More than a quarter of methane emission in Mumbai and six per cent of the planet-warming gas in Delhi originates from landfills, according to a study that used satellite data from four major cities worldwide.
The research, published in the journal Science Advances on Wednesday, used satellite data from Delhi and Mumbai in India, Lahore in Pakistan and Buenos Aires in Argentina.
The researchers from the Netherlands Institute for Space Research, Leiden, found that emissions from landfills in 2018 and 2019 were 1.4 to 2.6 times higher than earlier estimates.
"In Buenos Aires and Mumbai, the individual landfills account for more than a quarter of total urban emissions," the authors of the study said.
For Delhi and Lahore, the figure was 6 per cent and 13 per cent respectively, they noted.
The finding may help officials to carry out targeted efforts to limit global warming by pinpointing hot spots of major concern.
The researchers noted that emissions from the oil and gas sector have received considerable attention, but there are also major opportunities for emission mitigation in the waste sector, which accounts for roughly 18 per cent of global human-caused emissions.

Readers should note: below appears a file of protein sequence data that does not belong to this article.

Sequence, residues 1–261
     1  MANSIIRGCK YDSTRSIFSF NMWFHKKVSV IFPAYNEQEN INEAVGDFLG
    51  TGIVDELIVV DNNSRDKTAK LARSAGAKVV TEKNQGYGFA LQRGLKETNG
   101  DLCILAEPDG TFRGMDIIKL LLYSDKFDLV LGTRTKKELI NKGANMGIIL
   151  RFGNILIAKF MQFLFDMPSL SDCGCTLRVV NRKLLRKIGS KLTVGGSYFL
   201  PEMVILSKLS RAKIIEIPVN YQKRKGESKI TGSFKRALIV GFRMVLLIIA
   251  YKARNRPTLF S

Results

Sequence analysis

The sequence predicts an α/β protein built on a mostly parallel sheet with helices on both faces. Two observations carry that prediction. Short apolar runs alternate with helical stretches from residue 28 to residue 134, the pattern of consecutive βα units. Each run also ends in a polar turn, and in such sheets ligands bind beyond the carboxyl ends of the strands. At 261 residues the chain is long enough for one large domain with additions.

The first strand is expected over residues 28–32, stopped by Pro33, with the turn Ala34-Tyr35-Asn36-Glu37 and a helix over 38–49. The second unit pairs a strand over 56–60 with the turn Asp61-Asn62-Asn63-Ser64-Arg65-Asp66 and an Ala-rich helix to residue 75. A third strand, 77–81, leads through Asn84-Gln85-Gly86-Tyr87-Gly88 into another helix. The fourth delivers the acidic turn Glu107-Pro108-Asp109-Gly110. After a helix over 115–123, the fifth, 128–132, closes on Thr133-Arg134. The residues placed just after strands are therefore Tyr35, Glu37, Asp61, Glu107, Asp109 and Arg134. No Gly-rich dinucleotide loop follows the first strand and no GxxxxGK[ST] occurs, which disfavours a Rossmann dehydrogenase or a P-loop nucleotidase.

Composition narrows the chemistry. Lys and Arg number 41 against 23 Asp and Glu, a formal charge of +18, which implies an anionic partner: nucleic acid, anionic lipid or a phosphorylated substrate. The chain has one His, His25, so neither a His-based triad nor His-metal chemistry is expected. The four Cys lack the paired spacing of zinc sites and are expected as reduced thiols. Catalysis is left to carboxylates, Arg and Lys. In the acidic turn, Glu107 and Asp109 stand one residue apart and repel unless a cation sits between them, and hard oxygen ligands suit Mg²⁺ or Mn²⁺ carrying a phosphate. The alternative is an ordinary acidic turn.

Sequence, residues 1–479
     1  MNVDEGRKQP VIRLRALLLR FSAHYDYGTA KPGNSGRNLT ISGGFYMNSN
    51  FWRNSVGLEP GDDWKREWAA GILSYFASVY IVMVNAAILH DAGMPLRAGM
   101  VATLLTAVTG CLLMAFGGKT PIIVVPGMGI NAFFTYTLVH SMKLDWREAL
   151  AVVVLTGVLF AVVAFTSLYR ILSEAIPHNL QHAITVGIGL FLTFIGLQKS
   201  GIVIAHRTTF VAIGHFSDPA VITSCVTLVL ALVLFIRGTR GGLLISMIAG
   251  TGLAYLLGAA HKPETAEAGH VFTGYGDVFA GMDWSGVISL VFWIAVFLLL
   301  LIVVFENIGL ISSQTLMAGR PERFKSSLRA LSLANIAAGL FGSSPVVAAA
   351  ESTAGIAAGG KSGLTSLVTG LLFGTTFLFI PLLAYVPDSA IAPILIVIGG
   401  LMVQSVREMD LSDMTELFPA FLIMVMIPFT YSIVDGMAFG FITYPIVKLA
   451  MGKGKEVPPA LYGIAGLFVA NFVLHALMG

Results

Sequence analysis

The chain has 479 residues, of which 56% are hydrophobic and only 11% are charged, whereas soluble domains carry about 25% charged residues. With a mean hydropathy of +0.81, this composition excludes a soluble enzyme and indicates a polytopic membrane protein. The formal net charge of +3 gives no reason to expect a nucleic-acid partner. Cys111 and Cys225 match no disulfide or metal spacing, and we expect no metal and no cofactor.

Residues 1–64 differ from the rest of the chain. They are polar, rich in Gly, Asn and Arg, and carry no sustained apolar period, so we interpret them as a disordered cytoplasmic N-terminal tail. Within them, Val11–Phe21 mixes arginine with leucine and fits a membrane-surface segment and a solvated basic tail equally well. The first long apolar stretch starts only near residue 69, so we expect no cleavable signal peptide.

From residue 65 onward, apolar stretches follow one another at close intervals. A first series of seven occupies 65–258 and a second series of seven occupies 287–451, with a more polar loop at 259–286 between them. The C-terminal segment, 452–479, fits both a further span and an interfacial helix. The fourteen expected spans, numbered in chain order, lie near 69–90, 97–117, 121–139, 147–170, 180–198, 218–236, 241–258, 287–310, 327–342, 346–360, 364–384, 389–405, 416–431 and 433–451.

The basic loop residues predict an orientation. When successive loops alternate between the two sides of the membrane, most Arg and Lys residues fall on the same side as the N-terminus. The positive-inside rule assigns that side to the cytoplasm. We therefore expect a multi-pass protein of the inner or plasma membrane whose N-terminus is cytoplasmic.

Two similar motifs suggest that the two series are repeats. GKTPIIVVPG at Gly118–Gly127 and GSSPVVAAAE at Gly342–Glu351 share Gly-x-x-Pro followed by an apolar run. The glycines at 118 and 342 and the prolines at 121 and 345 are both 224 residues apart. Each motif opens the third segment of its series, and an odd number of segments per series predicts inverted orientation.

Solid waste emissions are caused by the decay of organic material in landfills, they said.
The researchers leveraged the synergy between satellite instruments with different spatiotemporal coverage and resolution to detect and quantify emissions from individual landfills.
They used the global surveying Tropospheric Monitoring Instrument (TROPOMI) to identify large emission hot spots and then zoom in with high-resolution target-mode observations from the GHGSat instrument suite to identify the responsible facilities and characterise their emissions.
"Using TROPOMI data... we find that city-level emissions are 1.4 to 2.6 times larger than reported in commonly used emission inventories and that the landfills contribute 6 to 50 per cent of those emissions," the authors of the study said.
"Our work demonstrates how complementary satellites enable global detection, identification, and monitoring of methane superemitters at the facility level," they said.